Utilities in California, Colorado and New York are working on combining solar panels, batteries and communication networks with the utility control room to fit more solar into the existing grid. According to a Wall Street Journal article in Monday's paper (March 6th, 2017), these 'virtual power plants' allow the utility to store excess solar energy during the day in batteries and use it in the evening and at night when the sun isn't shining. PG&E, a San Francisco based utility, is shutting down the last nuclear power plant in California in 2025 and is planning on investing $1 billion through 2020 to modernize its grid by incorporating batteries and intelligent communication to offset the loss in generation from the Diablo Canyon Nuclear power plant. Consolidated Edison in New York has invested $200 million in a virtual power plant spread among several buildings in New York City that can decrease peak demand by as much as 52 megawatts. This virtual power plant allows the utility to smooth out its demand through out the day. By decreasing its peak demand by 52 megawatts it can delay installing roughly $1 billion in conventional power equipment (e.g. a new traditional power plant) for another 20 years.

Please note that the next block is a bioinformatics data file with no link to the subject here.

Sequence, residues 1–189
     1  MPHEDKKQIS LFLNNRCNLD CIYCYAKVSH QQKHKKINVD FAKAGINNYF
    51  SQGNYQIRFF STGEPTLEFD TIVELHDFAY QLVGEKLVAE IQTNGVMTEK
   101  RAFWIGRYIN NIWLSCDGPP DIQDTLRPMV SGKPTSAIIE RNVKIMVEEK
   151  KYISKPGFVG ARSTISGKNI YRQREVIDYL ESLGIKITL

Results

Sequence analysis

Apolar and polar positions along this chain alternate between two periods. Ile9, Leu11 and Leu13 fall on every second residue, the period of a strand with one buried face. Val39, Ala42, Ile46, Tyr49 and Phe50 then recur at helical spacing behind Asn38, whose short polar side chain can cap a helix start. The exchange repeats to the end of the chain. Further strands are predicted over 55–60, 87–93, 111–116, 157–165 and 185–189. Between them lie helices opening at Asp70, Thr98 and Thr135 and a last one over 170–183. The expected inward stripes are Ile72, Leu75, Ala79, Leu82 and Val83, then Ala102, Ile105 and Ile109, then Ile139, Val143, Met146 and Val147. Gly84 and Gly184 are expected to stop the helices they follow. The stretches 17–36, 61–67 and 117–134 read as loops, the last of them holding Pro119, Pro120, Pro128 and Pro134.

Saving $800 million over 20 years by installing communication networks, batteries and solar panels seems like a good idea to me. PG&E's senior vice president of strategy and policy, Steve Malnight said in the article, "We are rethinking the grid and how it operates". I think this is very forward thinking of PG&E and something all grid operators across the country should be doing. Change is always hard and it seems to be especially difficult for entrenched industries such as electrical utilities, but that doesn't mean that their only course of action is active resistance to change. Accepting the changing landscape of power production and working with these new sources of production is much more productive than the alternative. California plans to get 50% of its power in 2030 from renewable sources and currently produces more peak power than it can use on certain days. On these sunny days in California, the state's utilities sell this excess power to neighboring states, sometimes at very low rates. With a smarter gird and storage capacity, they will be able to use more of their own solar energy and not export to neighboring states. Like all things solar, this concept can be scaled up or down. Individual cities or homes can use this same concept to increase self consumption of solar energy. As our homes become smarter they can intelligently control our appliances such as the water heater, dish washer, etc to turn on and off based on the production of the solar system on your roof and the state of charge of your home's batteries. Cities could do this on a neighborhood basis with a large battery bank installed for each city block for example. Intelligent use of energy through conservation, peak demand reduction and self consumption is one possible outcome for the grid. There are other power production options, but the smart choice is often the best choice.